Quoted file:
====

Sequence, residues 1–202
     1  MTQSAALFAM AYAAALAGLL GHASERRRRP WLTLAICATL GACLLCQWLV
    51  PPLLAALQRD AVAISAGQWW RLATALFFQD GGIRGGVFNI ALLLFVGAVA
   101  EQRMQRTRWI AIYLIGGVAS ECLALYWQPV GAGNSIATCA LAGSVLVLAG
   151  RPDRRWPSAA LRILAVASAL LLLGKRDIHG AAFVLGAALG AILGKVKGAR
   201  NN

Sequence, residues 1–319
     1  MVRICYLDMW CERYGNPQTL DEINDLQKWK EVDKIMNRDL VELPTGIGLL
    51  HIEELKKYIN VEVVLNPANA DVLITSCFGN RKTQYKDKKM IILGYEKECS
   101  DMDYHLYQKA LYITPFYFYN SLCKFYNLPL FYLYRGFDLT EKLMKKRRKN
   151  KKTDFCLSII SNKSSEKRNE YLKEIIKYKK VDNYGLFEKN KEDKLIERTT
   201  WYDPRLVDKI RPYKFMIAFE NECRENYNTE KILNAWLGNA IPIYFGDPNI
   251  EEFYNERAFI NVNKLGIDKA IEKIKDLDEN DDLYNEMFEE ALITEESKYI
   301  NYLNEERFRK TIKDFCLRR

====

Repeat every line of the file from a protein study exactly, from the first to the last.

Sequence, residues 1–202
     1  MTQSAALFAM AYAAALAGLL GHASERRRRP WLTLAICATL GACLLCQWLV
    51  PPLLAALQRD AVAISAGQWW RLATALFFQD GGIRGGVFNI ALLLFVGAVA
   101  EQRMQRTRWI AIYLIGGVAS ECLALYWQPV GAGNSIATCA LAGSVLVLAG
   151  RPDRRWPSAA LRILAVASAL LLLGKRDIHG AAFVLGAALG AILGKVKGAR
   201  NN

Sequence, residues 1–319
     1  MVRICYLDMW CERYGNPQTL DEINDLQKWK EVDKIMNRDL VELPTGIGLL
    51  HIEELKKYIN VEVVLNPANA DVLITSCFGN RKTQYKDKKM IILGYEKECS
   101  DMDYHLYQKA LYITPFYFYN SLCKFYNLPL FYLYRGFDLT EKLMKKRRKN
   151  KKTDFCLSII SNKSSEKRNE YLKEIIKYKK VDNYGLFEKN KEDKLIERTT
   201  WYDPRLVDKI RPYKFMIAFE NECRENYNTE KILNAWLGNA IPIYFGDPNI
   251  EEFYNERAFI NVNKLGIDKA IEKIKDLDEN DDLYNEMFEE ALITEESKYI
   301  NYLNEERFRK TIKDFCLRR